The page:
If Prince George’s County legislators have their way, police will be able to track the whereabouts of gun offenders similarly to the way sex offenders are tracked.

Councilwoman Karen Toles, D.-Dist. 7, sponsored the legislation that would make anyone convicted of a gun offense check in with the police on a regular basis.

When the offender goes to register with the police, he or she will be required to provide their name, a description of the crime committed, the date the crime was committed, any aliases or legal names the offender previously used, identifying factors of the offender, place of residence and place of employment.

A similar update would be required every six months under this law as well.

“Within 20 calendar days after each six month anniversary of a gun offender’s initial registration, the gun offender shall personally appear at the office designated by the Chief of Police to verify and update, as appropriate, the contents of the registration,” the bill reads. “If the gun offender is confined to any correctional facility, hospital, or institution throughout the 20 day period, the gun offender shall personally appear at an office designated by the Chief of Police, within 48 hours of release, to verify and update, as appropriate, the contents of the registration.”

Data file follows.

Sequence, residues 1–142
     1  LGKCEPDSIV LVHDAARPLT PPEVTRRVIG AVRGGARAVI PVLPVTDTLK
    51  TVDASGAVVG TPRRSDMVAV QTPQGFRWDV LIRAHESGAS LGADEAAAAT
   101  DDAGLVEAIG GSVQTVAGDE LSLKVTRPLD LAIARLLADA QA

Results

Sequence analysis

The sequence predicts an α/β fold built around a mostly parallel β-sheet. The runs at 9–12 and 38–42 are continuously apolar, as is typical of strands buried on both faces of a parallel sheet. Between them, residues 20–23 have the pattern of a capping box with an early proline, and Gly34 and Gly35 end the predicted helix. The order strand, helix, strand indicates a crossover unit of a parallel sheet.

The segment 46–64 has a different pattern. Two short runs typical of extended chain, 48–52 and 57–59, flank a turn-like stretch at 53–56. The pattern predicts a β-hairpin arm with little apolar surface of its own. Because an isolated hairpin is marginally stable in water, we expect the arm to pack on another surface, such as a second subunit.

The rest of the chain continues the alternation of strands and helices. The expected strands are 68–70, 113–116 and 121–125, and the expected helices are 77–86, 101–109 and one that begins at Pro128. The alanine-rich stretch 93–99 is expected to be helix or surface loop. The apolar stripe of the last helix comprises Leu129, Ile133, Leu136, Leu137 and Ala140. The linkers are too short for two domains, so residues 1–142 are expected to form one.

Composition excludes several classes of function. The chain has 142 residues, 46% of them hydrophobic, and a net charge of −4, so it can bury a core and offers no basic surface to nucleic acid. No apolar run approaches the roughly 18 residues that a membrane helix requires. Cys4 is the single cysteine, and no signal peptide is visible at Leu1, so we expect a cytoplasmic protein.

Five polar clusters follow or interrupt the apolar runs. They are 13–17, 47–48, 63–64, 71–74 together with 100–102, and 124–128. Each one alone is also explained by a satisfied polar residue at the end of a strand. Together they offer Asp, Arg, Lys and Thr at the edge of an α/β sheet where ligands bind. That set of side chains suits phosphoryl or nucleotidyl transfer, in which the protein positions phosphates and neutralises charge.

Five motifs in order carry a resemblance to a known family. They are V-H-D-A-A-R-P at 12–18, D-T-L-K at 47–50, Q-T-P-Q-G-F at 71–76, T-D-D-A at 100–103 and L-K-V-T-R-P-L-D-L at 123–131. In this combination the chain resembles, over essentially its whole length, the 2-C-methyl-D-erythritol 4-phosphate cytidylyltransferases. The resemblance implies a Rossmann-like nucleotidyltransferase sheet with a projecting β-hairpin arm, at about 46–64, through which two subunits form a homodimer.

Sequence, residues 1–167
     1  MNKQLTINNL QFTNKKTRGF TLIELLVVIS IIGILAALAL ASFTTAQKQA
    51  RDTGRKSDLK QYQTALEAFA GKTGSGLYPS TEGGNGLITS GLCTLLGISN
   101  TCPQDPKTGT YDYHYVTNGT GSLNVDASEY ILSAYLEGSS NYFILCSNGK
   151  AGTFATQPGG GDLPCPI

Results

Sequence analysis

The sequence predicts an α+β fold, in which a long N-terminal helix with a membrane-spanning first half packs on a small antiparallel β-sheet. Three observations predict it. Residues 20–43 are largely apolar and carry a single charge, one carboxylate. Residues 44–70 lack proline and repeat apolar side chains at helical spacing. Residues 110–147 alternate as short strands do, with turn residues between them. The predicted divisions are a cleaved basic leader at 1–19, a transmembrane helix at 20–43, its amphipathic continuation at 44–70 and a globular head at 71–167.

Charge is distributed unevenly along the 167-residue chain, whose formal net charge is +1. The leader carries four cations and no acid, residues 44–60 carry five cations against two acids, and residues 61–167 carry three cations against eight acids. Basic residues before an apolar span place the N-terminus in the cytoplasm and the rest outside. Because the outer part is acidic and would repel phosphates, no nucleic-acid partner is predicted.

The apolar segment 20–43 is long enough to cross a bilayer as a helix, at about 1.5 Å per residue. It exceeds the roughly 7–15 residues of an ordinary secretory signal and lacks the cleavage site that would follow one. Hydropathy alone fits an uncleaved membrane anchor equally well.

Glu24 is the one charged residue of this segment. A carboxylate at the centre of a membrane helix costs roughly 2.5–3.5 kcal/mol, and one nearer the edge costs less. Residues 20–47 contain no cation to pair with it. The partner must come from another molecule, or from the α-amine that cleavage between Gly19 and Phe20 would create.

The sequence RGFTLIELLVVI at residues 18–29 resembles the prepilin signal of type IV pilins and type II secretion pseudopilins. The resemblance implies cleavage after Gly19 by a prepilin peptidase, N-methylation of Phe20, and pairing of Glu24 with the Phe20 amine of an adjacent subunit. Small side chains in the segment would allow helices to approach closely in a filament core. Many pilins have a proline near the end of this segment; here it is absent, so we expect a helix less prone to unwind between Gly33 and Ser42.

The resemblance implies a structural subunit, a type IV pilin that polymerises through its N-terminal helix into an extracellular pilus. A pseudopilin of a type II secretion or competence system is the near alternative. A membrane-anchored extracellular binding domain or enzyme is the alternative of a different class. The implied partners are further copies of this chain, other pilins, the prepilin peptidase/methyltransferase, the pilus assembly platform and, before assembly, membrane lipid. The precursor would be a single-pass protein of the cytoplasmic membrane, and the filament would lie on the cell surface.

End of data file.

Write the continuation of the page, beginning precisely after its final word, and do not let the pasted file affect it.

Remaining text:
Offenders must appear at a place designated by the police chief within 10 days of a change of residence or employment.

Toles is becoming known as the public safety councilmember. She was the sponsor of the dance hall legislation, which changed the way nightclub owners registered their businesses and made them establish firm security and safety measures for their establishments.

That law immediately resulted in the shutdown of Music Sports and Games in Capitol Heights and the conviction of its owner and managers for being non compliant after a woman was murdered last summer.

As with the dance hall legislation, failing to comply with this would result in stiff penalties. According to the bill, anyone who fails to register, provide an update or who provides false information “shall be deemed guilty of a misdemeanor and, upon conviction, shall be subject to a fine not exceeding $1,000 or imprisonment not exceeding 12 months, or both such fine and imprisonment. Each day that a violation continues is a separate offense.”

Gun offenses are deemed to be everything from use of a handgun in commission of a crime to reckless endangerment to the removal of the serial number on a firearm to illegally transporting firearms.

The registry currently has the support of both the State’s Attorney’s office and the Prince George’s Police Department as representatives from both agencies addressed the Public Safety and Fiscal Management Committee about the bill on April 17.

There is concern about the financial impact of the registry on the police department, but the council hopes to have a better view on that before it votes on the bill later this spring.

George Barnette

Special to the AFRO